Kubernetes from Scratch in 2022

Kubernetes is the leading platform for running self-healing containerized applications with fine-granular configuration, access, and security settings. Working with a managed Kubernetes distribution practically for more than 2 years, I decided to prepare for the various certifications to facilitate my learning. What could be a better approach than to start exploring Kubernetes from scratch? Learning about the components and their interactions, see the various Kubernetes distributions and perform installations on on-premise or cloud infrastructure.

In this article, you will get a comprehensive overview and introduction into Kubernetes. You will learn about the basic components of a Kubernetes cluster, see the features of managed Kubernetes platforms, and explore Kubernetes distributions for installation on your own.

This article originally appeared at my blog admantium.com.

Kubernetes Components

A Kubernetes cluster is divided into master nodes and worker nodes. The master nodes define the control plane of the cluster, and the worker nodes are used to host the containerized application workloads.

Master nodes run the cluster state (almost always ETCD), API server, scheduler, and controller manager components. Worker nodes require a container runtime engine (Docker, containerd) and the kubelet for communication with the kube API Server. Also, on each worker node, a kube proxy process runs to enable network communication between the various K8S resources.

In general, components can be installed as binaries on the nodes and started as processes, or they can run as containers themselves.

Let’s take a closer look to these components and what they do.

  • ETCD: A high performance key value store in which the complete configuration of the Kubernetes cluster and all Kubernetes resources are included. It is the single source of truth about the continuously changed state of the cluster.
  • Kube API Server: Central component that offers a versioned API for all Kubernetes operations, including node management and CRUD for all Kubernetes resources. It uses ETCD as its datastore and offers its API to all other components. Technically speaking, it will authorize and validate API request, fetch data from ETCD, and return it to the caller. It can be queried manually, yet the scheduler, controller manager and kubelet are its main users.
  • Kube Scheduler: This component is tasked with deciding how to schedule individual pods on all the available worker nodes. It takes all the available information and restrictions about the pods, such as resource requests and limits, the specified node affinity, tolerations and more. Once this decision is made, the desired state in ETCD is updated, and from here on the individual kubelets that run on each node will create pods as defined.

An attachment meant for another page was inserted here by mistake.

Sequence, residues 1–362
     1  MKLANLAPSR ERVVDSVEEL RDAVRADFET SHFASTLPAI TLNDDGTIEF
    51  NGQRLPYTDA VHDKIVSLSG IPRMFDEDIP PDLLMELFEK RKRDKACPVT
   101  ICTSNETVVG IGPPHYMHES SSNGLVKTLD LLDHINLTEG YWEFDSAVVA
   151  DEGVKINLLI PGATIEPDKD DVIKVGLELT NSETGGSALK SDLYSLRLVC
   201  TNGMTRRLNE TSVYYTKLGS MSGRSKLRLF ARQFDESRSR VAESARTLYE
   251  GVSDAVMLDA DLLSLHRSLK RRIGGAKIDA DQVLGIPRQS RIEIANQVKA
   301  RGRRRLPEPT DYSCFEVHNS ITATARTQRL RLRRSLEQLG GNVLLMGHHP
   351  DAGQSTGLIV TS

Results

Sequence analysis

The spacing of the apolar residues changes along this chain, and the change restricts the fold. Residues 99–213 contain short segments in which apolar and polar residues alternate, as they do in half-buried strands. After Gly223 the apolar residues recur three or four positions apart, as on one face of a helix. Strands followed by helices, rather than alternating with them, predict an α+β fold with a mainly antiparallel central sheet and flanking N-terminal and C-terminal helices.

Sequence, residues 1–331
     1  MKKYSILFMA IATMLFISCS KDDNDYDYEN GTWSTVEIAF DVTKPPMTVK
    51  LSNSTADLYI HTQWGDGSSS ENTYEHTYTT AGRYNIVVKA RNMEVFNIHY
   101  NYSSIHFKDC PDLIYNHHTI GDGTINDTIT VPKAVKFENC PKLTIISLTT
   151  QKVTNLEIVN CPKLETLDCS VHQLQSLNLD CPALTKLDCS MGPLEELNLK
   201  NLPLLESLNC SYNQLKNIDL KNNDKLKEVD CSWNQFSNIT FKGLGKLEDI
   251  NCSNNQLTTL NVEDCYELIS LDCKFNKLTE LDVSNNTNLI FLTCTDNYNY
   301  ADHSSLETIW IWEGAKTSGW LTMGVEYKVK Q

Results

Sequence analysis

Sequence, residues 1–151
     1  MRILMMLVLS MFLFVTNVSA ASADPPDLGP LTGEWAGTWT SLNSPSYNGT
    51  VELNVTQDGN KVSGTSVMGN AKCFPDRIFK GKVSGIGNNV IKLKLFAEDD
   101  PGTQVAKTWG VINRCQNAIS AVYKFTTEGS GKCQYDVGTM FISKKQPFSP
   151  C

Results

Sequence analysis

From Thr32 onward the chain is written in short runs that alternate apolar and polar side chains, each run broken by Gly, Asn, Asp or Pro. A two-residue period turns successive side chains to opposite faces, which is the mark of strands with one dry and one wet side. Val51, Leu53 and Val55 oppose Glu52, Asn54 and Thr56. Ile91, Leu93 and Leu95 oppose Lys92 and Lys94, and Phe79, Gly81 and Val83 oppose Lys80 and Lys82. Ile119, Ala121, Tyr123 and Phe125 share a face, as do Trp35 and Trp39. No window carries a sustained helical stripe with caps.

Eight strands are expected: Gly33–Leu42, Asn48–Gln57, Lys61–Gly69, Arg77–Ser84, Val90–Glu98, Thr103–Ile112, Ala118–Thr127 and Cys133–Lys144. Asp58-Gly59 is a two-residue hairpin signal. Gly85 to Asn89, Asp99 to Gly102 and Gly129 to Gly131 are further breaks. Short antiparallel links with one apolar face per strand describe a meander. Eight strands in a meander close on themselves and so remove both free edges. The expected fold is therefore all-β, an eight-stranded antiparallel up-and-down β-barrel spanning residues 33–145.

• Kube Controller Manager. The controller manager is a conglomerate of individual controllers for all K8S Resources and nodes. Its purpose is simply described: Observe the status of its resources, compare it to the desired state as defined in ETCD, and take all necessary actions to create the desired state by orchestrating processes and installations on the nodes.
  • Kubelet: Each worker node has this very specific component running. It performs several functions: First, it registers the node as a worker node by addressing the kube API server. Second, it communicates with the kube API Server to get the desired state in regard of pods. If it sees information that a new pod needs to be created, it will start it immediately. Lastly, it also performs monitoring activities of the Node itself and of the pods, in conjunction with the controller manager.
  • Kubeproxy: The kubepoxy is a federated, live DNS registry that runs on each node. It also constantly accesses the kube API server to get information about all available services and will then manipulate the Nodes iptables data to insert up-to-date DNS entries. This is the backbone of pod communication.

With this understanding, we continue with a brief introduction to managed Kubernetes platforms.

Managed Kubernetes Platforms

A Kubernetes platform is like a framework: It provides a functional, modular system that can be instantiated immediately. Most essential configuration is already defined, and users will need to parametrize the system. The primary execution environment for platforms is cloud computing.

According to a containiq overview article and a user survey from Red Hat, the most popular platforms are the following ones:

  • OpenShift is an open source platform that facilitates on-premise and cloud installations. It supports several container runtimes and comes with a dedicated network plugin for software defined networking. Its enterprise features promise tight integration with Red Hat Enterprise Linux and Ansible automation.